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Being a conscious consumer can be time-consuming. Sifting through thousands of products, reading ingredient labels, and googling what a paraben or copolymer really is. But now, there’s a browser extension that can simplify the entire process. It compiles all the data for you and ranks the sustainability of products sold on Amazon.
Called Finch, the online tool is free to use for anyone doing some online shopping on Amazon in the U.S. It’s a simple browser extension that ranks the sustainability of products on the platform from 1 to 10. The ranking takes into account the full life cycle of the product, as well as the brand’s company practices and user feedback.
A comprehensive score
Finch’s scoring is 90% automated by its algorithm and 10% manual. On the computational side, the company aggregates all the scientific data on the products. It then compares it to other items within the same category.
Five metrics are used to measure the life cycle of a product, from materials and manufacturing, to transport, availability and cost, product use and lifespan, and finally, its end-of-life. Finch also factors in user feedback to generate a final score that offers users the best product in terms of both sustainability and functionality.
On the manual side, Finch’s analysts do their own additional research into company practices and product profiles. They draw their data on businesses’ self-reported figures, as well as NGO and academic reports. All this gets fed into their machine learning model before generating the final ranking.
Simplifying the science
Lizzie Horvitz, the founder and CEO of Finch, says the whole concept behind the tool is to “simplify the science”. She’s dubbed the browser extension as a “bullsh*t detector” to help consumers decode what companies are claiming, the ingredients they’re using, and how their choices can make a difference to the planet.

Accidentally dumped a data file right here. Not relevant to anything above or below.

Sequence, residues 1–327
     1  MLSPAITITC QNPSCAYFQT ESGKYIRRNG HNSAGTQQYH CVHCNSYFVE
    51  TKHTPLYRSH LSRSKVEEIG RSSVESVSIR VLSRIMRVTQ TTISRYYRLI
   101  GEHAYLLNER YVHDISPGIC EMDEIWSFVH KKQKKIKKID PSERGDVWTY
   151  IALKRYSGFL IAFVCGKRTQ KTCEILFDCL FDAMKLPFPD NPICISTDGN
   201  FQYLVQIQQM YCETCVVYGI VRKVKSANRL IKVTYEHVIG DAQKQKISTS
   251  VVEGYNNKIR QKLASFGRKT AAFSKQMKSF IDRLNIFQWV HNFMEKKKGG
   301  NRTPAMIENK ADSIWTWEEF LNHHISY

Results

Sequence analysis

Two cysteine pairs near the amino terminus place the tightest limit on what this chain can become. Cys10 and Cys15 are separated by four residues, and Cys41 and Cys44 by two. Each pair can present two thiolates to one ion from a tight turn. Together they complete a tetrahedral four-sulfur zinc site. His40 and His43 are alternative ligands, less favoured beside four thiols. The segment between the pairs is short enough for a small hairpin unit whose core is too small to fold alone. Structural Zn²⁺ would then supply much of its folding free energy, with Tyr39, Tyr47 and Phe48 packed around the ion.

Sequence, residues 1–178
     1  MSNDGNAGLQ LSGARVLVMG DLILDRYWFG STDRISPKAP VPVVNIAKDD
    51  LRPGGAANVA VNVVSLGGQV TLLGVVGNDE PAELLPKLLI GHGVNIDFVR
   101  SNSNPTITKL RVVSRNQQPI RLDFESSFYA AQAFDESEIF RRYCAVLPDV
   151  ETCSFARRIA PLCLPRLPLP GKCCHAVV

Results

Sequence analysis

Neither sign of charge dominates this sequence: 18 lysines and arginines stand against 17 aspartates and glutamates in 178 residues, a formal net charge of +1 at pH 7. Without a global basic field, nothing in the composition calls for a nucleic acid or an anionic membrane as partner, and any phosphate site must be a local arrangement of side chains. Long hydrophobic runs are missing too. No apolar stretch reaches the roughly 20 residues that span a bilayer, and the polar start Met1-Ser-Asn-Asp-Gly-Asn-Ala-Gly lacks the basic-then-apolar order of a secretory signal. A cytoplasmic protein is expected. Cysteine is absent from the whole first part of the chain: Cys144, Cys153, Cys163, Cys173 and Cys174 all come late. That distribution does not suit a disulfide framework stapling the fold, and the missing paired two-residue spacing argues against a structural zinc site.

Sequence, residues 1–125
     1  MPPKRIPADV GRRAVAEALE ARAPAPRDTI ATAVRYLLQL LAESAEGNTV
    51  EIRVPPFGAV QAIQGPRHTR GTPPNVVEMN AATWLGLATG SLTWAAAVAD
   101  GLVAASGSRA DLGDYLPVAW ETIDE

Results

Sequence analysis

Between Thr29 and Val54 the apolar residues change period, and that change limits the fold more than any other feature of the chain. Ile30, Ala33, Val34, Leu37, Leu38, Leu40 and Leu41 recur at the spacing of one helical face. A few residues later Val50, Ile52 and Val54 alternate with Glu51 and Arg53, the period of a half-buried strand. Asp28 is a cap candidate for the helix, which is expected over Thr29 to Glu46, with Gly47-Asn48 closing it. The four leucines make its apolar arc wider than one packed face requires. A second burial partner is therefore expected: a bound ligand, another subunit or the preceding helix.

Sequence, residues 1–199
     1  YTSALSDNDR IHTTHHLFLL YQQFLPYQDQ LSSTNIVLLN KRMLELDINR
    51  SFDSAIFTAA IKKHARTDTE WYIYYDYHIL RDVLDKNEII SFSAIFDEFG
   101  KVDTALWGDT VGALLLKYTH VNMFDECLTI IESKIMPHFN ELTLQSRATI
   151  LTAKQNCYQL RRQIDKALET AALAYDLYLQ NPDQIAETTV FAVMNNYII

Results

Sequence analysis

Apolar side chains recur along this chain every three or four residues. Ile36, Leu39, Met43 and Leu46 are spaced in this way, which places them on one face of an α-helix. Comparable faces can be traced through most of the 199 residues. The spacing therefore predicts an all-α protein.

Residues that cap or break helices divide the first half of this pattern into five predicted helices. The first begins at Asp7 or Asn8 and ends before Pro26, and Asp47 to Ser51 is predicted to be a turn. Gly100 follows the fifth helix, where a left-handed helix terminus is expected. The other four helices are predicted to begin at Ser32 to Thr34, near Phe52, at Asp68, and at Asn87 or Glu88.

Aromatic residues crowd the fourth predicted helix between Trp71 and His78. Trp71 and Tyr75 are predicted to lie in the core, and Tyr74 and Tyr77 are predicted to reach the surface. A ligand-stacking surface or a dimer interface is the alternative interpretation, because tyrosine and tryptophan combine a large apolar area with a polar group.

“For nearly twenty years, I’ve devoted my life to the fight against climate change,” she says. Horvitz was previously a part of Unilever’s sustainability division and worked as COO of the reusable container startup Muuse. “All the while, friends and family have peppered me with questions about the sustainability of consumer goods.”
Horvitz says that Finch can break down all this information and provide reliable, easy-to-digest information that empowers consumers when they shop. Beyond ranking items on Amazon, it also offers users “Wise Guides” to provide advice on specific categories of products, from kitchen paper towels to shampoo and conditioners.
What all of this will boil down to is greater demand for brands to become more sustainable and accountable. While acknowledging that far more needs to be done to solve the climate and waste crisis we’re in, Horvitz believes that every individual’s choices can add up to make a big difference.
“At the end of the day, consumerism in any form won’t solve the problem,” she says. “But I firmly believe that we all have a role to play.”
“Understanding the science of sustainability gives control back to people as citizens, not just as consumers.”
All images courtesy of Finch.